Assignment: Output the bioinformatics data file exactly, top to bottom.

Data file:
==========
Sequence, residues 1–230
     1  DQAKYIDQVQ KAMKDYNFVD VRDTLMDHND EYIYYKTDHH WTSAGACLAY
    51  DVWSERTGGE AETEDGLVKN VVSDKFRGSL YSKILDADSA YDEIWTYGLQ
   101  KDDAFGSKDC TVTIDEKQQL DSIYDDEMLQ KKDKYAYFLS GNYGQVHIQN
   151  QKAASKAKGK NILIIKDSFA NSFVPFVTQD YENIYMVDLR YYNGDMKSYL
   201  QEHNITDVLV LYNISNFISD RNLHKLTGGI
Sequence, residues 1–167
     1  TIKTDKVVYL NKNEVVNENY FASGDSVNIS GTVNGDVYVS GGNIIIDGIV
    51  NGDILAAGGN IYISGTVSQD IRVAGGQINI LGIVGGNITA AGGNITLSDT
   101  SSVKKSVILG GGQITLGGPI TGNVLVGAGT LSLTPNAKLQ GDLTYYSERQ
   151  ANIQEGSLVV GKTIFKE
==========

Sequence, residues 1–230
     1  DQAKYIDQVQ KAMKDYNFVD VRDTLMDHND EYIYYKTDHH WTSAGACLAY
    51  DVWSERTGGE AETEDGLVKN VVSDKFRGSL YSKILDADSA YDEIWTYGLQ
   101  KDDAFGSKDC TVTIDEKQQL DSIYDDEMLQ KKDKYAYFLS GNYGQVHIQN
   151  QKAASKAKGK NILIIKDSFA NSFVPFVTQD YENIYMVDLR YYNGDMKSYL
   201  QEHNITDVLV LYNISNFISD RNLHKLTGGI
Sequence, residues 1–167
     1  TIKTDKVVYL NKNEVVNENY FASGDSVNIS GTVNGDVYVS GGNIIIDGIV
    51  NGDILAAGGN IYISGTVSQD IRVAGGQINI LGIVGGNITA AGGNITLSDT
   101  SSVKKSVILG GGQITLGGPI TGNVLVGAGT LSLTPNAKLQ GDLTYYSERQ
   151  ANIQEGSLVV GKTIFKE